Taking A Chance On Dance Led To A New Career

Lisa Deaderick
The San Diego Union-Tribune

WWR Article Summary (tl;dr) Faith Jensen-Ismay is one of the founders of the Mojalet Dance Collective, a nonprofit dance company in San Diego. She took some time to talk about the journey of career in dance and her work within the creative community.

SAN DIEGO

Faith Jensen-Ismay wasn’t exactly looking for dance, but it seemed to be looking for her.

In high school, she was forced to take a dance class for a physical education credit. It still wasn’t something she’d seriously considered pursuing as a career until her husband later suggested she quit her retail job and focus on training for a year to see what might happen.

“I did exactly that. I transferred to SDSU (San Diego State University) and within a year, Jean Isaacs asked me to demonstrate her classes after her knee surgery. Shortly after that, she invited me to be in her new work, ‘Tabula Rasa,'” she says. “That led to a long working relationship with (numerous dancers and choreographers), with opportunities to teach SDSU, UC San Diego, Palomar and San Diego City colleges.”

Today, Jensen-Ismay, 54, is one of the founders of the Mojalet Dance Collective, a nonprofit dance company. She lives in Poway with her husband, Joe, and they have four daughters. She’s also Mojalet’s artistic director and continues to teach at Mesa College and Arts for Learning. She took some time to talk about her dance career and her work with Mojalet.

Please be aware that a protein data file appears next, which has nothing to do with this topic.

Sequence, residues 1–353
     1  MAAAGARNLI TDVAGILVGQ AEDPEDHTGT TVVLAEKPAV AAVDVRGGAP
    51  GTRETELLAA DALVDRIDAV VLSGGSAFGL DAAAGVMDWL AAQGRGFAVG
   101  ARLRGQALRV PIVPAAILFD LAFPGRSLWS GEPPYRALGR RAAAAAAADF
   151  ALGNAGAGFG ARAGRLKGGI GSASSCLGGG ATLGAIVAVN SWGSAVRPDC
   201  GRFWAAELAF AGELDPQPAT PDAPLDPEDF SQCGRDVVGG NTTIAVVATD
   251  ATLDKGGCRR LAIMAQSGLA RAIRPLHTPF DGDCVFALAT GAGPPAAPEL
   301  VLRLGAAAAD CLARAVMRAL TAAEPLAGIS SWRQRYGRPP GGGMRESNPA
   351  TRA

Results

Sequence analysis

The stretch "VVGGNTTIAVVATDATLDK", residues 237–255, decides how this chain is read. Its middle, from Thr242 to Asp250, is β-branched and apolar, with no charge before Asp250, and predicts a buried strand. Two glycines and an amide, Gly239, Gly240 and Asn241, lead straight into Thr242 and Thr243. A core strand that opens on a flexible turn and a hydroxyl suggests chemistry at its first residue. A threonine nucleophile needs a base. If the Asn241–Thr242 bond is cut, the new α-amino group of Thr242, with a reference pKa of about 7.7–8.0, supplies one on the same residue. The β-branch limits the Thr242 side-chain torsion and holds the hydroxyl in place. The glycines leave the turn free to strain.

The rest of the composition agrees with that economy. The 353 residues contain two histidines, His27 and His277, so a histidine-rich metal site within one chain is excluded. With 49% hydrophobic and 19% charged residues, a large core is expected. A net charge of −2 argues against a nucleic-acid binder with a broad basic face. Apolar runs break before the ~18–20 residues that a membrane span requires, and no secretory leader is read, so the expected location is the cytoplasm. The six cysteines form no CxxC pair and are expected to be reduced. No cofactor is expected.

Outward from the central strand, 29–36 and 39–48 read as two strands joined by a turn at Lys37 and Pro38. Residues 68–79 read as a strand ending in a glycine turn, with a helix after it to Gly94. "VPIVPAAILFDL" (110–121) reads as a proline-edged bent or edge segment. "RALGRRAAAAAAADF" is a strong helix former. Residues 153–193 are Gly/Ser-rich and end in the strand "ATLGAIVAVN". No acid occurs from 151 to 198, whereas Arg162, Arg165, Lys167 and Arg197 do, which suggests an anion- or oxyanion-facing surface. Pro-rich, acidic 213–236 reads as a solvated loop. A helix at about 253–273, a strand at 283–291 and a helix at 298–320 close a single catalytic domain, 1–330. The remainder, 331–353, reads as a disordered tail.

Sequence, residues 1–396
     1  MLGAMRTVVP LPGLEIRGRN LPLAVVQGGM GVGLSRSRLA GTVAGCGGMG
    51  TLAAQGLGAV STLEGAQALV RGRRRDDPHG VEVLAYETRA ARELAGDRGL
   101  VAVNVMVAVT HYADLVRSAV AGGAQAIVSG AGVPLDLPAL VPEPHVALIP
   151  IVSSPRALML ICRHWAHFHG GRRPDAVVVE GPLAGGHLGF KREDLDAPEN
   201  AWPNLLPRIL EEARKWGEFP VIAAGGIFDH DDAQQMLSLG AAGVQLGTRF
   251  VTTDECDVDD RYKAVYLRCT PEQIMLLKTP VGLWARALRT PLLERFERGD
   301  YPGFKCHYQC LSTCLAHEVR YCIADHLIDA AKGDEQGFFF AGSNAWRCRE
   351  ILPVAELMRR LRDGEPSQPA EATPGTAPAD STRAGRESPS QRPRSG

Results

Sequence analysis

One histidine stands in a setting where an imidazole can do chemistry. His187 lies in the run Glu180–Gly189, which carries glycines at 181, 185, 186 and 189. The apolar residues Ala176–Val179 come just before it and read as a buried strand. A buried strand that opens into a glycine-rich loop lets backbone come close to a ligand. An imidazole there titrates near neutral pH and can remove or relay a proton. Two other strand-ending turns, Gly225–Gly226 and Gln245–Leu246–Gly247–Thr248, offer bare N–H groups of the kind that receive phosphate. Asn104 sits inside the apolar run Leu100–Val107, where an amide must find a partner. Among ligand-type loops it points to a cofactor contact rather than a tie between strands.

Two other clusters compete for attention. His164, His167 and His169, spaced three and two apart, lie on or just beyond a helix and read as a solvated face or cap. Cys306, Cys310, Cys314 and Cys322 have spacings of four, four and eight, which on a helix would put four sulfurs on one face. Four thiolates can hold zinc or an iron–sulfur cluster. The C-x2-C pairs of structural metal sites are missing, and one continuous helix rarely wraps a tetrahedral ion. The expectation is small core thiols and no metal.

Q: How were you introduced to dance?

A: In all honesty, I was forced to take a class in high school as PE credit. It was months after my father fell at work and died, then a boy I was dating was killed in a car crash. Somehow, dance became a coping mechanism and a way for me to express myself. At first, I was uncomfortable, especially looking at myself in a mirror, but the teacher was understanding and worked with me.

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